Bright Spots Could Be Key to Securing the Future of Declining Coral Reefs
Florida State University

In recent decades, the decline of living hard coral on reefs around the world has raised concerns among marine experts. For years, the presumption was that decline signaled that an entire reef’s future was threatened. A study by Florida State University researchers shows that might not always be the case. While a complement of healthy coral is still preferred, dead or dying coral might not be fatal for an entire reef.

Newswise: Immune system adaptations in cavefish may provide autoimmune disease insight
15-Jul-2020 4:25 PM EDT
Immune system adaptations in cavefish may provide autoimmune disease insight
Stowers Institute for Medical Research

Cavefish may not seem like a big deal. They’re small, they live in tucked away places humans rarely go, and they’re common enough that you can find them on every continent except Antarctica. But researchers from the Stowers Institute for Medical Research see them as a potential way to understand more about the rise in autoimmune diseases in humans.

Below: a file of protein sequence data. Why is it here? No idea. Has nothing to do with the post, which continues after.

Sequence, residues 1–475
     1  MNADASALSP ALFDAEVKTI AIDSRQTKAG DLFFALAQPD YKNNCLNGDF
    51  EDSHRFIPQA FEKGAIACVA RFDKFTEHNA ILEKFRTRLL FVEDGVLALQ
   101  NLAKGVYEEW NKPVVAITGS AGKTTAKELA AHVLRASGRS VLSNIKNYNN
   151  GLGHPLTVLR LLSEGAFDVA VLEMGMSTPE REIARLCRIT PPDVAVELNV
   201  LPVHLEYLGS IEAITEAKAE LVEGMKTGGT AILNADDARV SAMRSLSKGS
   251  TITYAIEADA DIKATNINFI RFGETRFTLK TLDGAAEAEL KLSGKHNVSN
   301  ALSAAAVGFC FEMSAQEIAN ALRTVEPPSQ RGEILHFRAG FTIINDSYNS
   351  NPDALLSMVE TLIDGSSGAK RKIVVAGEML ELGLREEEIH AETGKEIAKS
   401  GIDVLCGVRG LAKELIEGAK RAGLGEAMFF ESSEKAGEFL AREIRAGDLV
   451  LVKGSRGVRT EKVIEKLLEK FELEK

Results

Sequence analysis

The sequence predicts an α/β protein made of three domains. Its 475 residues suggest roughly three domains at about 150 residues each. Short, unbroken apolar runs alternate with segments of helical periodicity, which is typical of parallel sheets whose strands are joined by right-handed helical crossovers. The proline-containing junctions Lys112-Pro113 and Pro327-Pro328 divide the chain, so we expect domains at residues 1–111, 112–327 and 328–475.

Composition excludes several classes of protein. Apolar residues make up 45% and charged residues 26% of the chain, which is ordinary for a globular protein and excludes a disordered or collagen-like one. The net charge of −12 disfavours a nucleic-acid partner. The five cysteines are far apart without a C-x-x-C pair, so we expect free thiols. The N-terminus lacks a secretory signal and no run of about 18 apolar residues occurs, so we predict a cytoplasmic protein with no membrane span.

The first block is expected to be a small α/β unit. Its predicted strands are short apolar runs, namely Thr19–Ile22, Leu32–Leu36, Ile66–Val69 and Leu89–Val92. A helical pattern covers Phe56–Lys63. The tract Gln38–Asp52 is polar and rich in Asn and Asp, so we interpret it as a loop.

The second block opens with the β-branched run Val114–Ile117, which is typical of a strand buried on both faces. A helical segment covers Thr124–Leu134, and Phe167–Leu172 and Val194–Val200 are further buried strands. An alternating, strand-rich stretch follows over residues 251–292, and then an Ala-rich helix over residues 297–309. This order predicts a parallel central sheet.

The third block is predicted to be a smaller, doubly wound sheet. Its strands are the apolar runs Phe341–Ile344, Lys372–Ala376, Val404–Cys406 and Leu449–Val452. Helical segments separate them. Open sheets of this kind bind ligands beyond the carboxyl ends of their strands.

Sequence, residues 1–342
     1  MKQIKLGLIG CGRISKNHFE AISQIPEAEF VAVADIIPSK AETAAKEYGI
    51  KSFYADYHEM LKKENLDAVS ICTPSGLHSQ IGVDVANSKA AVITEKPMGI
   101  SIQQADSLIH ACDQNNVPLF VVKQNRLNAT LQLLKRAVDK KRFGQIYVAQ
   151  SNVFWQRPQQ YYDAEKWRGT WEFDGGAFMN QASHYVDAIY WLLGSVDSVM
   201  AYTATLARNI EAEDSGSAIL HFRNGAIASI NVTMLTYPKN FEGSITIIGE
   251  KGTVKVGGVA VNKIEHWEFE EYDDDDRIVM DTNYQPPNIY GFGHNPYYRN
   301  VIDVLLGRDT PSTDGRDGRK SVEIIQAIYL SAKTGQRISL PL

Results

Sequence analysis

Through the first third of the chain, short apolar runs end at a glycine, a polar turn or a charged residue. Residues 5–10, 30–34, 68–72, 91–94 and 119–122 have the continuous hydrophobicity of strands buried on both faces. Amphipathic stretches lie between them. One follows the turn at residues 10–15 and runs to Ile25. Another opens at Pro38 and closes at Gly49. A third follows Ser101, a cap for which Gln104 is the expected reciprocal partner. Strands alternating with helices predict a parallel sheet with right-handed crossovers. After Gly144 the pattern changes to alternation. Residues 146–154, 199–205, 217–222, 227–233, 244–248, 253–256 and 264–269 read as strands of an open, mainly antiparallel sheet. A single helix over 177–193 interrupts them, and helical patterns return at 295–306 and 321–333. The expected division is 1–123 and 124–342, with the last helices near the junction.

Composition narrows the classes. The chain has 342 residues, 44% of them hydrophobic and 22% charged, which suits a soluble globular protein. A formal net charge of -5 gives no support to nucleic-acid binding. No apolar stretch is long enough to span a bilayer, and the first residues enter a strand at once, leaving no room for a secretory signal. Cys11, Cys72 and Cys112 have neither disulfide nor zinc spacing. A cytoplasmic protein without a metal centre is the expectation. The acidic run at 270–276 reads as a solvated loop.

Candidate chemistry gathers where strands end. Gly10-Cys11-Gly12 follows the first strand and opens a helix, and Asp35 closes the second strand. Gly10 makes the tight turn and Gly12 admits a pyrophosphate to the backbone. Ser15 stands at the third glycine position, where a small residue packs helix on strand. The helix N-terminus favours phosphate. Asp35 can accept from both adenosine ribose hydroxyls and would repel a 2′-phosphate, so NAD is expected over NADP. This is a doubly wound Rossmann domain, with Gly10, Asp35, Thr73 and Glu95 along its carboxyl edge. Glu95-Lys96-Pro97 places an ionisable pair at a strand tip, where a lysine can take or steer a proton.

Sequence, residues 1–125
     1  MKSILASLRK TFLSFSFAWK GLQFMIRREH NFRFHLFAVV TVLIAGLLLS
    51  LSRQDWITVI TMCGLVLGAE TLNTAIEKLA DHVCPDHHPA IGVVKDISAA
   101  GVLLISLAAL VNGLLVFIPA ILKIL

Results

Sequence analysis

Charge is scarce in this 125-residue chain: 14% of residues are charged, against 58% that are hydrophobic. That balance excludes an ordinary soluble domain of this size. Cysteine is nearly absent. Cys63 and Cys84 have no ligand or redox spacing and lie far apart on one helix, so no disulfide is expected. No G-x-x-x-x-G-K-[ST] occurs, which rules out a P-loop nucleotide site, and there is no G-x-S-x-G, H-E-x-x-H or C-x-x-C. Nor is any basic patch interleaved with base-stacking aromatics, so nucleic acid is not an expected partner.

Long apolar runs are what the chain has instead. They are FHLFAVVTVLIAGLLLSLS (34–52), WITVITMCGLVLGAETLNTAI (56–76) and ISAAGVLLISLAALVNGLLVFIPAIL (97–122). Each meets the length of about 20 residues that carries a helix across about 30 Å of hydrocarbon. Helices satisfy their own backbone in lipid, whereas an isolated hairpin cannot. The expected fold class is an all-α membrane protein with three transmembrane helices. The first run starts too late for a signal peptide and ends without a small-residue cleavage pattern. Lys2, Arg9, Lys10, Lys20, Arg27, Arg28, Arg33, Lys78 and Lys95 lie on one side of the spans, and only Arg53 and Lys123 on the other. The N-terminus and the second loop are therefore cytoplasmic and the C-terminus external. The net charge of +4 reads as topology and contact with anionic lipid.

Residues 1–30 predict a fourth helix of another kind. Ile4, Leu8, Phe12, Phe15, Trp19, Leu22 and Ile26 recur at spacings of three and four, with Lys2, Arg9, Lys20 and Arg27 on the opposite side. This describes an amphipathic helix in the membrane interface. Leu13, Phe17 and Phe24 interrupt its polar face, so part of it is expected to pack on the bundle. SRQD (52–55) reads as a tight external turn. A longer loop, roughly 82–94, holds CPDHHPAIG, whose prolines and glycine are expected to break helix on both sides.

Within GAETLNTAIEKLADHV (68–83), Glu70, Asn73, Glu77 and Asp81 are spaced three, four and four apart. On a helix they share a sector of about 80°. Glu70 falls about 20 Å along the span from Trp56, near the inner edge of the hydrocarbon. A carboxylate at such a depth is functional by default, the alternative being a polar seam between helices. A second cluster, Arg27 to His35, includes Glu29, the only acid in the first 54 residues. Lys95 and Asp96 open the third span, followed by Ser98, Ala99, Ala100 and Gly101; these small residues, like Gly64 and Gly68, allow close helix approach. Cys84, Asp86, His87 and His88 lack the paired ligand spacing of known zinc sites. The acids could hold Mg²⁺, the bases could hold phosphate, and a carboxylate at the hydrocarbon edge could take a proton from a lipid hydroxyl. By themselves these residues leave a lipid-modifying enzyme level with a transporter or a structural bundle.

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Released: 17-Jul-2020 6:25 PM EDT
Antarctica more widely impacted by humans than previously thought
University of the Witwatersrand

Antarctica is considered one of the Earth's largest, most pristine remaining wildernesses. Yet since its formal discovery 200 years ago, the continent has seen accelerating and potentially impactful human activity.

Released: 17-Jul-2020 3:05 PM EDT
Baleen whales have changed their distribution in the Western North Atlantic
NOAA Northeast Fisheries Science Center

Researchers have been using passive acoustic recordings of whale calls to track their movements.

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Released: 17-Jul-2020 1:35 PM EDT
Pesticides speed the spread of deadly waterborne pathogens
University of California, Berkeley